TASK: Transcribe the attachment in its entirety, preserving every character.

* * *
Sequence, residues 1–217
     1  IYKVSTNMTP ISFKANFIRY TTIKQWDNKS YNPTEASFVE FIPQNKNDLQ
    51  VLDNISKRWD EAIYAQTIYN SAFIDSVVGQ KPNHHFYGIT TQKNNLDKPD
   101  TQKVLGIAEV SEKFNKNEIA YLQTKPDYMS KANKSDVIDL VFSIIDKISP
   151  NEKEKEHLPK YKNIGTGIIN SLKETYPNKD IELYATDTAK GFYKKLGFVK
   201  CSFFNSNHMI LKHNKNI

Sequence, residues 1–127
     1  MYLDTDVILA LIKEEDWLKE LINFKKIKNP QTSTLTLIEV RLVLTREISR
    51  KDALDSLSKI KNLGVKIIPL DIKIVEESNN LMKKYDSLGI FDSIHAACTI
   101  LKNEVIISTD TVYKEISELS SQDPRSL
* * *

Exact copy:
Sequence, residues 1–217
     1  IYKVSTNMTP ISFKANFIRY TTIKQWDNKS YNPTEASFVE FIPQNKNDLQ
    51  VLDNISKRWD EAIYAQTIYN SAFIDSVVGQ KPNHHFYGIT TQKNNLDKPD
   101  TQKVLGIAEV SEKFNKNEIA YLQTKPDYMS KANKSDVIDL VFSIIDKISP
   151  NEKEKEHLPK YKNIGTGIIN SLKETYPNKD IELYATDTAK GFYKKLGFVK
   201  CSFFNSNHMI LKHNKNI

Sequence, residues 1–127
     1  MYLDTDVILA LIKEEDWLKE LINFKKIKNP QTSTLTLIEV RLVLTREISR
    51  KDALDSLSKI KNLGVKIIPL DIKIVEESNN LMKKYDSLGI FDSIHAACTI
   101  LKNEVIISTD TVYKEISELS SQDPRSL